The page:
A word of caution
Get used to eating seasonally. Most co ops don’t let you choose what gets put into your box. One person orders for the whole group, choosing the cheapest organic produce that is available. I personally struggled with this at the start. My advice is to not make a meal plan until you’ve gotten your vegetable box, and just learn to become more creative with your meals.
Rule #3 Eat what’s in your fridge
Yes, all of it. You may think you do, but how many wilting half dead vegetables languish in the bottom of your crisper because you’re not in the mood to eat them? When your eating organically there is no room for waste.
Try to learn to eat things because your hungry, not because that’s what you feel like. It does take a bit of practise but I promise you, take the emotion out of eating and you’ll eat a more healthy well rounded diet. Another pay off is coming up with some beautiful dishes that you may would never have previously thought of!
A great way to get used to eating everything in your fridge/pantry is to only plan for five meals instead of seven. The other two nights become “creation meals” where you forage through your kitchen trying to create meals.
Rule #4 Grow a garden
This is our vegetable garden a few weeks after planting.
This vegetable garden is our first and has so far produced a net worth of $80 of vegetables in three months. This is taking into account our start up cost of $200 with which we had to buy seeds, soil, netting, extra compost, bamboo poles, soil, lucern and wood chips.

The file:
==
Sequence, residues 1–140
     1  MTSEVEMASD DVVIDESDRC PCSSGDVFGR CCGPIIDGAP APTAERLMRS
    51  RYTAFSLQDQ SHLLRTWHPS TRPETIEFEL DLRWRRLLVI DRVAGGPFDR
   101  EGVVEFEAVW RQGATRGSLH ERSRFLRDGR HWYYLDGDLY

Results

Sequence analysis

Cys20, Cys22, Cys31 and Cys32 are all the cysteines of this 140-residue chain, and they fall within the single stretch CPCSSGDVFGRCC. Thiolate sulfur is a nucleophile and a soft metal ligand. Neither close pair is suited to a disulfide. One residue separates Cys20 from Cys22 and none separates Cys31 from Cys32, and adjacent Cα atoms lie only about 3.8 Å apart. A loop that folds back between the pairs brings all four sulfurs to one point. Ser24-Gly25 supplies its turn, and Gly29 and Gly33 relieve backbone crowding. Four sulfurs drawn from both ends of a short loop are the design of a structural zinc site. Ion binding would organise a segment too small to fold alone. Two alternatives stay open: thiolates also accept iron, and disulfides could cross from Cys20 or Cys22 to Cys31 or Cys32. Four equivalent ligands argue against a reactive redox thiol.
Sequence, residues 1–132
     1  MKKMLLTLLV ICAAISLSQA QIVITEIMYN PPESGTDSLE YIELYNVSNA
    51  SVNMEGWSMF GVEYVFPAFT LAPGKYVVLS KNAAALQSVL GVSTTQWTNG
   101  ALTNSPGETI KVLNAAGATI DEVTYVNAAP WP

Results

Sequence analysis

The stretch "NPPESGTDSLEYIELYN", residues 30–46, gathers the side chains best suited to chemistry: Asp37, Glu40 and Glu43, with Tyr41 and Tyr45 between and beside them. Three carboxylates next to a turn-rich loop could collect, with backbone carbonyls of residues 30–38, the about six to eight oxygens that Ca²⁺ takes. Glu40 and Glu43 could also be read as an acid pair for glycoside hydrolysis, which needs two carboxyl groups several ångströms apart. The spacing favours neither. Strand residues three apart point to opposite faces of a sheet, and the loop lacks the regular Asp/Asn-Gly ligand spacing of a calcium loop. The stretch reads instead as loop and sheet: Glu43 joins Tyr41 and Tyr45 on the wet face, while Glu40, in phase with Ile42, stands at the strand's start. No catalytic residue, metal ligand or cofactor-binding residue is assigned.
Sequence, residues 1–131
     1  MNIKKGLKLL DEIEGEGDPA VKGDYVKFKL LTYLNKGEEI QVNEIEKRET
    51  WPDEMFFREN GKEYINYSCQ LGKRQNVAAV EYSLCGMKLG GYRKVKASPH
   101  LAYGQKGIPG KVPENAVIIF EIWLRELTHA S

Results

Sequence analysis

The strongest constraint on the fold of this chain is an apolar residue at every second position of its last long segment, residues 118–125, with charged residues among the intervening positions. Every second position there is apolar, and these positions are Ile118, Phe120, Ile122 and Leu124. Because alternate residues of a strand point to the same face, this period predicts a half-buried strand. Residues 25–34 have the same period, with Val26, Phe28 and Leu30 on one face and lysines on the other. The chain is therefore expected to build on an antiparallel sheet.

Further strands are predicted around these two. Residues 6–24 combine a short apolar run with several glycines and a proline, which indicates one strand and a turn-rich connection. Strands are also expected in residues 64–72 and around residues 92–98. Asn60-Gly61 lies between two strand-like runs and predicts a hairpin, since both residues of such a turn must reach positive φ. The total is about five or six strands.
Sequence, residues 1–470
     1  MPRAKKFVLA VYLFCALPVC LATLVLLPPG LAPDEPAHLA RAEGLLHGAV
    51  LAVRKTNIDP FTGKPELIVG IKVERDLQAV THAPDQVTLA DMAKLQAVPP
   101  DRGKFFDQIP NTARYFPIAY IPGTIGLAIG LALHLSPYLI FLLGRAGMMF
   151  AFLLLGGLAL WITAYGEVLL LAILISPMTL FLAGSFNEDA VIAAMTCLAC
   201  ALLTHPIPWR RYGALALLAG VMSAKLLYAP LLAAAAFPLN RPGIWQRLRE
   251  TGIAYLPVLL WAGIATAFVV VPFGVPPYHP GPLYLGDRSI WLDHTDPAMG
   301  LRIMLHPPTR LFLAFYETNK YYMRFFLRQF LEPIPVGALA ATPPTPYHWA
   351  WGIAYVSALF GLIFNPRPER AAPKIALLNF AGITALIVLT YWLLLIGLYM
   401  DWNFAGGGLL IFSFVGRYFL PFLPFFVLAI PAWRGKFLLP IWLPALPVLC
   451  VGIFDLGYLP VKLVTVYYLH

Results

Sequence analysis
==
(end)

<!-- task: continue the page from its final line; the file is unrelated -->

In theory now that we are better at composting, have most of the equipment and our garden is established we should see a greater yield of vegetables and more of a return.
Even though we did only gain a net worth of $80 of vegetables in three months we still had a surplus this summer, and we certainly noticed the difference to our grocery bill.
We’ve been taking our extra vegetable down to our local cafe Pachamama, which we’ve been able to exchange for coffee and meals.
You could also ferment, freeze or swap with friends any extra fruits or vegetables you may have.
Oh did I mention….. we are also absolutely hopeless gardeners?
I’m not kidding, we let our whole crop of cucumbers rot because we thought they were butternut pumpkins. We thought pineapples came from trees and mustard was chemically synthesised. If we can grow vegetables with a surplus, it’s pretty safe to say anyone can!
We used the food for wealth system which you can find out about here. The basic premise is planting your garden densely and randomly. This naturally retains the moisture in the soil and helps to keep out unwanted pests.
Short on space?
There are some really clever option for people with small or no backyards. Even if you plant a few herbs it’ll still save you on groceries.
Rule #5 Eat parts of the animal other people don’t want
Liver, chicken drumsticks, animal carcasses, fat offcuts – these are all parts of the animal that are ridiculously cheap to buy organically. They are also nutritionally dense!
Make bone broth from the animal carcasses, render your own fat to make organic tallow or lard to fry with, or make your own organic chicken liver pate. Eating the parts of the animal that take longer to prepare, or other people don’t want means you can eat some delicious organic meat at a very affordable price.
We also buy organic grass fed mince from Aldi. 1kg is $14. We bulk it up with vegetables and it lasts two dinners with some left overs for lunches.
Rule #6 Buy a deep freezer
This is one rule we haven’t implemented yet, but I do think it will be a big saver.